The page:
Likewise, missing on Baylor signee Robbie Rhodes still stings, too. There are rumors that he was wide receiver coach Darrell Wyatt's top target. Unfortunately for Texas, Rhodes wanted to play in a different type of offense than that run by former co-offensive coordinator Bryan Harsin, so the 'Horns never emerged as a true threat to the Bears in the recruitment of Rhodes, who possesses the type of sick sick that the coaches really wanted in this class and found to an extent with Meander.
Geoff Swaim, Butte CC
6-5, 250 pounds | *** | 85th (JUCO)
Quick take: A Bryan Harsin take because of Boise State connections at Butte, Swaim didn't do much in the passing game in junior college or in high school. Known as a strong blocker, especially on the move, Swaim could fill roles as a blocking in-line tight end, H-back, or fullback, bringing some blocking versatility to the offense. And who knows, maybe the 'Horns could uncover some pass-catching skills, too.
Position overview: The narrative at this position is defined by the loss of longtime commit Durham Smythe, who ended up at Notre Dame. The 6-5, 230-pound Smythe was unique for a Texas tight end recruit in that he had actually played the position extensively in high school and has natural ability as a wide receiver, a combination the Longhons haven't been able to find for years.
Darius James, Harker Heights
6-6, 340 pounds | ***** | 33rd
Quick take: James is an immensely important part of the class because he's the top prospect left after the defections of Ricky Seals-Jones and A'Shawn Robinson. More than that, though, James could end up pushing Dominic Espinosa for the starting center job as soon as this fall if he can get in shape and represents the type of road-grading offensive line that coach Stacy Searels apparently prefers, while also possessing incredible agility for a player of his size.
Desmond Harrison, Contra Costa CC
6-8, 300 pounds | *** | 25th (JUCO)
Quick take: The second JUCO tackle addition in as many years, Harrison is also an important piece of the 2013 class because he has the ability to come in and play right away. In fact, that's what the Texas coaches expect him to do, challenging either Donald Hawkins or Josh Cochran for one of the starting tackle positions, which he is capable of doing because of his athleticism and maturity having already played college football for two seasons.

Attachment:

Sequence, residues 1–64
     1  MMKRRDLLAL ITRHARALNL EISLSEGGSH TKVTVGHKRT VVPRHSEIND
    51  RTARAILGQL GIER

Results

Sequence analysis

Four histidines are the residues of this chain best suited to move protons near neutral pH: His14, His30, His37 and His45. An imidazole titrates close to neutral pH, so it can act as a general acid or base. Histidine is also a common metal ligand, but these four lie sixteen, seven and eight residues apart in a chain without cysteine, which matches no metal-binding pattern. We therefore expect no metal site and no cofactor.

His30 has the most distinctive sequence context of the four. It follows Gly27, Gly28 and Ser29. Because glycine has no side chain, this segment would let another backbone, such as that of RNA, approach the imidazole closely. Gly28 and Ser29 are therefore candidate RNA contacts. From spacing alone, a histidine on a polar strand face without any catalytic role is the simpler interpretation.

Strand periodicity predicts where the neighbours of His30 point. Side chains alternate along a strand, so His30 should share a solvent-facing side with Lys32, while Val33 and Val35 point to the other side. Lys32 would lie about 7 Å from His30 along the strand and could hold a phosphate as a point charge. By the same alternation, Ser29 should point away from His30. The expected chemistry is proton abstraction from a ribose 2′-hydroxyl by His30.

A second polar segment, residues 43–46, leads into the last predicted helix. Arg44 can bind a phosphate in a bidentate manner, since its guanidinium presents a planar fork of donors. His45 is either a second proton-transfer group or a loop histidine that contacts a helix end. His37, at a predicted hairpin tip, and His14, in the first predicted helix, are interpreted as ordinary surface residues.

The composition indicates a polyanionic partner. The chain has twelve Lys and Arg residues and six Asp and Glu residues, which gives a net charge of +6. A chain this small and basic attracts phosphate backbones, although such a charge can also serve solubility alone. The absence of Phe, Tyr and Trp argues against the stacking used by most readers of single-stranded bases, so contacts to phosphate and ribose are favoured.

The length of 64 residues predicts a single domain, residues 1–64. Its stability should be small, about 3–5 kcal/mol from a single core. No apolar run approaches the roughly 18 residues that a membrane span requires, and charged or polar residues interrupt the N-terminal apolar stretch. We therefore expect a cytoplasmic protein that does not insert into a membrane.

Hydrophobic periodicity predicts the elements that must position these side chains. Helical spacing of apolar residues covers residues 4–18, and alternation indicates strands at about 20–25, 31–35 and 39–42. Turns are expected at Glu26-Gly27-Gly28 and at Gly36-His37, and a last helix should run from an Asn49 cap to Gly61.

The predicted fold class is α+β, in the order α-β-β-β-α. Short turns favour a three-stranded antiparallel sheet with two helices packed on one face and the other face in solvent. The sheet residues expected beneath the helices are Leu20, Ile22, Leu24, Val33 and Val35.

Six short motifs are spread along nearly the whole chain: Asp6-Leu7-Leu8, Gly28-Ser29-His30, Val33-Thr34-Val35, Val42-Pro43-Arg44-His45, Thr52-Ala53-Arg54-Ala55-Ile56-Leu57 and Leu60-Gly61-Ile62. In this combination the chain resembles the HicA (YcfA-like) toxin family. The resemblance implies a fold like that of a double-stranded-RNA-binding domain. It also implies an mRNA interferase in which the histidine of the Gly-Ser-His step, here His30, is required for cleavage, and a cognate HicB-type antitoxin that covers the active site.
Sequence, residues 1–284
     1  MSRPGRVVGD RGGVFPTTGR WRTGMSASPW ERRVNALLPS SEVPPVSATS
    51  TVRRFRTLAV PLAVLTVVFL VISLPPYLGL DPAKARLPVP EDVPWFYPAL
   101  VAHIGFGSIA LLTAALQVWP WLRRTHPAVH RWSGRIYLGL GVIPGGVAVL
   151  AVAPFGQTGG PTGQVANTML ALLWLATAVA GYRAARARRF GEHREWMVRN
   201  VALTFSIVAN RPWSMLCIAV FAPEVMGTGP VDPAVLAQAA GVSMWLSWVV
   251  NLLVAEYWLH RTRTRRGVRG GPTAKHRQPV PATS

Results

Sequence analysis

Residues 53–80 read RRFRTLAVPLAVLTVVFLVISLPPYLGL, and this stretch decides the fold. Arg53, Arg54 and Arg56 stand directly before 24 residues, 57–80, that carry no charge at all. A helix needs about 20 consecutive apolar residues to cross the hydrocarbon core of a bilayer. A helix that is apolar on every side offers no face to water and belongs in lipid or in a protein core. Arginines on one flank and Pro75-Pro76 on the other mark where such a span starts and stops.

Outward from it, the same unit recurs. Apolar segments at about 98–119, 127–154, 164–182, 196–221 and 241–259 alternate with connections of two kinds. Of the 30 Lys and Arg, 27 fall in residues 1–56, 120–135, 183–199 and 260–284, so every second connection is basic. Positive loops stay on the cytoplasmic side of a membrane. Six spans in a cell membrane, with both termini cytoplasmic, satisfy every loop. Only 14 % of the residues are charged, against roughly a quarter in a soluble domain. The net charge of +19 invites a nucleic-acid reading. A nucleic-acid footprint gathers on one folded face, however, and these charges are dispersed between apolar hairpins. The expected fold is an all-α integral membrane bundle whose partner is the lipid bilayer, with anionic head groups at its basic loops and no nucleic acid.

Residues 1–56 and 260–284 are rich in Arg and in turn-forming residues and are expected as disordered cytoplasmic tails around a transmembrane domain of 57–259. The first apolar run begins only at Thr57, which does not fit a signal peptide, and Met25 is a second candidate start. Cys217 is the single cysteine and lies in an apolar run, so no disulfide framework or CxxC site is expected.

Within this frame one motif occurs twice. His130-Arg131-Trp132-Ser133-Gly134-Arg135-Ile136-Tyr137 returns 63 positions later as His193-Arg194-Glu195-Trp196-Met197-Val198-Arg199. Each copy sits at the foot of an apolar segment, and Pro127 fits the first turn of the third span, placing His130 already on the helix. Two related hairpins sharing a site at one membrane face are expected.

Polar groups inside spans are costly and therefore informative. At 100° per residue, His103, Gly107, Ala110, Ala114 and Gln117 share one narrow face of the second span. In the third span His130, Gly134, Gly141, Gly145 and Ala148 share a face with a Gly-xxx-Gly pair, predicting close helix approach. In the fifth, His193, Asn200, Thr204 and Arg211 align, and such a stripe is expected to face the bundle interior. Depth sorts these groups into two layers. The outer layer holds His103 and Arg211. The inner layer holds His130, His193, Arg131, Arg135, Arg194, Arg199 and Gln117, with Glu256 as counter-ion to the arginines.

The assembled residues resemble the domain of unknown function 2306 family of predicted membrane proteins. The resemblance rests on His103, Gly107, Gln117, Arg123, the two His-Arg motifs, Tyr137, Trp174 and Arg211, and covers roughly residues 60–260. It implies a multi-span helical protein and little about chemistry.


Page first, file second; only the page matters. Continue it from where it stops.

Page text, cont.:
Kent Perkins, Lake Highlands
6-6, 295 pounds | **** | 38th
Quick take: Perkins can get lost in the shuffle at times in the offensive line class because he's been committed for so long and never wavered with his pledge. A future right tackle, Perkins has excellent feet that he's refined by wrestling and playing basketball. Texas has had plenty of prospects show up on campus lauded as tackles, only to see them have to move inside. Don't expect that to happen with Perkins.
Rami Hammad, Irving
6-5, 320 pounds | **** | 294th
Quick take: The final take in the 2013 offensive line class, Hammad blew up in January after a strong performance at the Semper Fi All-American game, which is extremely rare for prospects. A Baylor commit at the time, Hammad took an official visit to Texas and committed days later.
Where many Texas takes have come under criticism in recent years for committing early and then seemingly failing to make progress, Hammad got substantially better from his junior to his senior season, improving his flexibility in particular. As a result, he's already demonstrated the work ethic to continue to improve and maximize his ability before he gets to Texas.
Jake Raulerson, Celina
6-5, 268 pounds | **** | 118th
Quick take: The so-called bellcow of the 2013 recruiting class, Raulerson was the first commit and spent the rest of the process trying to help the 'Horns land other prospects. Also known as Maulerson for his ferocious hits and high motor, the two-way high school standout loves to compete, is a persistent blocker, and possesses good athleticism.
He's also already added nearly 10 pounds of muscle since he's arrived on campus and will be starting his career as an offensive lineman instead of at defensive end, giving him time to work at the position that was always considered his future. If he can get up into the 290-300 pound range, the Longhorns should have a guard who can excel in space on screens and when pulling.